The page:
Jack and Janet Smurl spent years dealing with an increasingly powerful supernatural force before the Warrens came to investigate in 1985. The Smurl case is unique because it spanned over a decade, and the hauntings affected the entire family – though Jack seemed to be the primary target. The haunting in the family’s Pennsylvania duplex began with disembodied voices and rappings on the wall but soon turned into full-fledged attacks on the family. Jack and Janet both said they levitated off their beds one night, and Jack reported he was assaulted multiple times by an evil spirit known as a succubus. The family dog was also attacked, and a chandelier fell and nearly took the life of one of the Smurl children, despite the fixture being bolted into a support beam.

As the Warrens made their way through the home, Lorraine came to the conclusion there were four evil spirits, including a powerful demon. “There was no doubt whatsoever in my mind that what this family was experiencing was sheer terror being brought about through the ghost syndrome,” Lorraine said after her first visit to the Smurl home.

It took four exorcisms to fully weaken and vanquish the evil spirits, and the Smurls reported no paranormal activity after the fourth exorcism.

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• • Photo: Bantam Books

The Devil Made Me Do It

Sometimes known as the Demon Murder Case, the “Devil Made Me Do It” case involved the demonic possession of a young boy. The Warrens were initially called in to investigate when 11-year-old David Glatzel began showing signs of demonic possession. As Lorraine described in an interview, one minute David would be intently drawing at the kitchen table, and in the next moment he “was no longer an 11-year-old boy.” Lorraine saw a black mist form next to David, indicating the presence of a demon. Ed and Lorraine called in the Catholic Church. A team of six priests, including three from the Vatican, performed an exorcism on David. Although the demon did leave David’s body, something is said to have gone terribly wrong.

Arne Cheyenne Johnson was the boyfriend of David’s older sister, Debbie, and considered by those around him to be the All-American boy. He was present for David’s exorcism, and he challenged the demon to leave David’s body and come into his own. According to Johnson and the Warrens, the demon did just that. “When you challenge the demonic, it doesn’t act at that particular given time… it waits until you are the most vulnerable, and then it strikes,” Lorraine said of the incident.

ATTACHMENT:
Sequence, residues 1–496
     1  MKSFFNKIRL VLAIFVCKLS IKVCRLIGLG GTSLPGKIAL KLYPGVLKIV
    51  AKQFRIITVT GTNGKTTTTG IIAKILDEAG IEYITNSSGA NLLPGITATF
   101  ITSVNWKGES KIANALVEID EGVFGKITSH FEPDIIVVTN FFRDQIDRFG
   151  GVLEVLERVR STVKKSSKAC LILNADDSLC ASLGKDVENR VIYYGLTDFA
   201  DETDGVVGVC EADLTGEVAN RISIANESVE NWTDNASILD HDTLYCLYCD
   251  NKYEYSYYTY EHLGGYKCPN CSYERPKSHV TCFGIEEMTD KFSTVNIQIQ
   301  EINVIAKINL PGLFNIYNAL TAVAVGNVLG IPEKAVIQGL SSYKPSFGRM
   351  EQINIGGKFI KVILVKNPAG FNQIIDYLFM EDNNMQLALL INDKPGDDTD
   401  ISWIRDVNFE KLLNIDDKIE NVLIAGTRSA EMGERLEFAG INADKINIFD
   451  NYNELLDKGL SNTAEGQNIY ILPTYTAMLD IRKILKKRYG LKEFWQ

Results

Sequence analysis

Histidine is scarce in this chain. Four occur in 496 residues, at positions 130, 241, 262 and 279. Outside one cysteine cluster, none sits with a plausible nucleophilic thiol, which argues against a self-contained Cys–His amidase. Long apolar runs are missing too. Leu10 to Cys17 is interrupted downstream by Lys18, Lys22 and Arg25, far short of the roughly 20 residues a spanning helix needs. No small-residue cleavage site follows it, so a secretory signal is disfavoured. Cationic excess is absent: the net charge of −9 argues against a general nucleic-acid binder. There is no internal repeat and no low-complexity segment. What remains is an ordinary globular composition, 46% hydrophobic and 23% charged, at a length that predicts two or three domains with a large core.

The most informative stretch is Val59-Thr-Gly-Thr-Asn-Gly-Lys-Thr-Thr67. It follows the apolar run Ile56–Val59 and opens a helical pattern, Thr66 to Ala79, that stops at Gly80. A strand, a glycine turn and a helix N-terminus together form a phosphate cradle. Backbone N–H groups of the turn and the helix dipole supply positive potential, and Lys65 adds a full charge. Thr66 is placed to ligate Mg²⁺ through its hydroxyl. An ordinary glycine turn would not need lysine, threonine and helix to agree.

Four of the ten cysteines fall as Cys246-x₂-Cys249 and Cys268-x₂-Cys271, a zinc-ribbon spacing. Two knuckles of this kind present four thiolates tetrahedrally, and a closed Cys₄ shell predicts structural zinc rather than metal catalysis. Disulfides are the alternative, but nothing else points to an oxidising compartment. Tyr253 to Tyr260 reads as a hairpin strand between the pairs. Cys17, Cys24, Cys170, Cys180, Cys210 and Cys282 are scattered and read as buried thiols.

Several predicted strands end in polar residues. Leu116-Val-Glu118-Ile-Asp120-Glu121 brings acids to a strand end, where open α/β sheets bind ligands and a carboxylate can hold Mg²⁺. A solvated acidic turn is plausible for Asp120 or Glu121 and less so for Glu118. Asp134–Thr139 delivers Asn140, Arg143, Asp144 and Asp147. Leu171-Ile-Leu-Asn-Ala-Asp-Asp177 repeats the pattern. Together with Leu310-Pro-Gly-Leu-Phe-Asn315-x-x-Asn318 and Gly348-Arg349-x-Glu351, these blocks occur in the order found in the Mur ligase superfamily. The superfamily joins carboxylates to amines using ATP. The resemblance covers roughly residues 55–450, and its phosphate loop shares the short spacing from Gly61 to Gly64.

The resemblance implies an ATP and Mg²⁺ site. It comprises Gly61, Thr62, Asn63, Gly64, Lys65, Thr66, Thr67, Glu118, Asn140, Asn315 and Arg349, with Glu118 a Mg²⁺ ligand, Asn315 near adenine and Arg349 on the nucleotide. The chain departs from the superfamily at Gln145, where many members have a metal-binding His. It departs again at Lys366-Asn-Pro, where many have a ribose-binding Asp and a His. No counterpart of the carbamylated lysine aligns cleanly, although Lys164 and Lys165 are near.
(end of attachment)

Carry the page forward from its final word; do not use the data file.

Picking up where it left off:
It was shortly after the exorcism that Johnson fatally stabbed Alan Bono, Debbie’s boss and landlord, during a heated argument. Johnson said the demon forced him to commit the crime. Johnson was eventually convicted of manslaughter and served time in prison. Lorraine Warren later consulted on a book adaptation of the case, The Devil in Connecticut.

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• • Photo: The Conjuring 2 / Warner Bros.

The Enfield Poltergeist

From 1977-79, the Enfield Poltergeist was an active case in England that captured massive media attention. The Hodgson family, who rented their home in Enfield, reported large pieces of furniture moving on their own. The mother, Peggy, even called the police, and one officer reported seeing a small table slide across the floor. In fact, more than 30 visitors to the home reported poltergeist activity, which included moving furniture, rappings, and voices. Peggy’s adolescent daughters, Margaret and Janet, seemed to be the target, often going into trances and speaking in guttural voices. The Enfield Poltergeist case is unique because of the extensive video footage taken in the home during the prolonged investigation.

This case holds the distinction of being the Warrens’ first major investigation after Amityville. However, they were not as involved in the case as the film adaptation, The Conjuring 2, suggests. Ed did say of the case, “Those who deal with the supernatural day in and day out know the phenomena are there – there’s no doubt about it.”